- Constitution: details the structure of a government
- What the US Constitution Has: The Constitution included a belief of a limited government, popular sovereignty, separation of powers, and checks and balances. (See Key Terms above for definitions).
- The Legislative Branch: (article I) passes laws.
- The Executive Branch: (article II) enforces laws.
- The Judicial Branch: (article II) interprets laws.
Amending the Constitution:
- The Constitution can be amended formally or informally.
- Formally: There are four methods. The two that have been used are: 1)Proposed by 2/3 of each house in Congress and ratified by 3/4 of the state legislatures [most frequent; 26 times]. 2)proposed by 3/4 vote of each house in Congress and ratified by special conventions in 3/4 of the states [one time; ratified 21st].
- Informally: Congress can pass legislative actions that alter or clarify the Constitution. The president can also use h powers to create informal amendments, expanding his power through executive actions. The Supreme Court can also use judicial review to interpret the constitutionality of a law.
The Bill of Rights: MEMORIZE THEM
- freedom of speech, petition, religion, assembly, and press
- right to bear arms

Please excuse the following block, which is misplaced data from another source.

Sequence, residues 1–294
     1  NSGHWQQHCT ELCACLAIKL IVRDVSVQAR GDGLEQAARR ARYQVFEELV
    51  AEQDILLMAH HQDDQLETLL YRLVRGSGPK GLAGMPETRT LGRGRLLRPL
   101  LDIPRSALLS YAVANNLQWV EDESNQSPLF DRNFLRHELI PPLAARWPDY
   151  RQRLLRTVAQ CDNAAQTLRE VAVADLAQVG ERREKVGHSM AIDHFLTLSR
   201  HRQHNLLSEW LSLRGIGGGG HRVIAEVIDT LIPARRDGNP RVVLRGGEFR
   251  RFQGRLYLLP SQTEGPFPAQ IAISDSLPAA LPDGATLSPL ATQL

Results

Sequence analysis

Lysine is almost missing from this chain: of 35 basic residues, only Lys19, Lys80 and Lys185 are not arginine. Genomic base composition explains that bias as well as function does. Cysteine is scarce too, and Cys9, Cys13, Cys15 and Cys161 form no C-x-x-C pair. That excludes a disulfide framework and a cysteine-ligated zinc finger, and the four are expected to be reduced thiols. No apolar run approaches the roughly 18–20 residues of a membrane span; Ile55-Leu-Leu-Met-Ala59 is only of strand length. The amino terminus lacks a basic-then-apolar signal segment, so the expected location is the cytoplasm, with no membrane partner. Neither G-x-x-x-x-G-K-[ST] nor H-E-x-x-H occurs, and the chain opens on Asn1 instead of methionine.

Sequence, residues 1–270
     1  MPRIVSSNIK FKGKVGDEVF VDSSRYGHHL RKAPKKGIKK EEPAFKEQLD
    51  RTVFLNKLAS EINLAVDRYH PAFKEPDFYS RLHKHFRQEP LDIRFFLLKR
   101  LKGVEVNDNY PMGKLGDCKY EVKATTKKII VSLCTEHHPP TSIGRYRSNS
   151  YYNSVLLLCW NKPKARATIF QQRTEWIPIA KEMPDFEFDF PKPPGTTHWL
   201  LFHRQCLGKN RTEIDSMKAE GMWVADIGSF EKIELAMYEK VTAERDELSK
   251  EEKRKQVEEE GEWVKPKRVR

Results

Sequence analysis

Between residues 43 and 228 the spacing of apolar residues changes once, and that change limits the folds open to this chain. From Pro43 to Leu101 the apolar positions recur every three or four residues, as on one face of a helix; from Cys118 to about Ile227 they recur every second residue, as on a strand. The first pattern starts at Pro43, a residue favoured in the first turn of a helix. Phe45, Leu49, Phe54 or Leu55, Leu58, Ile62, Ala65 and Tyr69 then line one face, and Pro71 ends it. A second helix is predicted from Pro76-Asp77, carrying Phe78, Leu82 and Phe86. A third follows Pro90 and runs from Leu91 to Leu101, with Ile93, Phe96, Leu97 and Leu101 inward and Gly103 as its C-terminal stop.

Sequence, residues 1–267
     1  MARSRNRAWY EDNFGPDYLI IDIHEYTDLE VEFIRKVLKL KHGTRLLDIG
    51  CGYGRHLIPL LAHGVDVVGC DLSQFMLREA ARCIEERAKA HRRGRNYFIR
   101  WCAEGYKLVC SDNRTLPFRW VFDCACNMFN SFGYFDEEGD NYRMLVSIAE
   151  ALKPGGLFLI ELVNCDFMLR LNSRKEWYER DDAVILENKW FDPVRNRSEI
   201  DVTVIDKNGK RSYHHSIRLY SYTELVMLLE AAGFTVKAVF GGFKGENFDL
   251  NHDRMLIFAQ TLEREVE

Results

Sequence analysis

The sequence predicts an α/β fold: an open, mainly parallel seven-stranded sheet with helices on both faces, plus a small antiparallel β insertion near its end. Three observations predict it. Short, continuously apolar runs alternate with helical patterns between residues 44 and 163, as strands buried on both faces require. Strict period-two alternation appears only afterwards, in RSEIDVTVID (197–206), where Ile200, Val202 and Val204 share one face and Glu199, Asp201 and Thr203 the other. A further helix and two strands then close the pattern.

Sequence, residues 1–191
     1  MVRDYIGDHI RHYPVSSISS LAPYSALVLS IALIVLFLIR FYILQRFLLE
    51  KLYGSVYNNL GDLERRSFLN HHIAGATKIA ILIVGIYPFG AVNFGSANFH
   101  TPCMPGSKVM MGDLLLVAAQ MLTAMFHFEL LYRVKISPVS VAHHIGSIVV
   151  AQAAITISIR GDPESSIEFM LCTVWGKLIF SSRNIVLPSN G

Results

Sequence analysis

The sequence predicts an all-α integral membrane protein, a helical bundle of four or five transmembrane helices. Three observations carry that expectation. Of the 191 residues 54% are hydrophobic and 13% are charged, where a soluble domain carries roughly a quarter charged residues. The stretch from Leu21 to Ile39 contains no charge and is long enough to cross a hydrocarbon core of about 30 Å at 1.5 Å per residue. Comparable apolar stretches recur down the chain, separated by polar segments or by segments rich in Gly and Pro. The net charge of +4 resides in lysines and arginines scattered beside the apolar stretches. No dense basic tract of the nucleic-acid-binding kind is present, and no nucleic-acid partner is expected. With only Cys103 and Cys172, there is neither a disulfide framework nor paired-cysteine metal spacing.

- sets conditions for quartering troops
- regulates searches, seizures, and warrants
- no double jeopardy, protection against self-incrimination, due process, eminent domain
- right to a public, speedy trial with impartial jury and attorney
- right to a jury in civil cases
- no cruel and unusual punishment or excessive fines or bails
- enumerated rights of people
- reserved powers of the states
Electing and Impeaching the President:
- the Electoral College; the process made it possible for a candidate who came in second in popular vote become president with the electoral college; insulated the president from direct popular contr
- Who Presides Over an Impeachment: The Chief Justice of the Supreme Court
- Who Has Sole Power of impeachment: The House of Representatives
- Who Has Sole Power to Try an Impeachment: US Senate
- Has any President been Removed from Office?: No
- What Presidents have Gone Through the Impeachment Process?: Andrew Johnson; Bill Clinton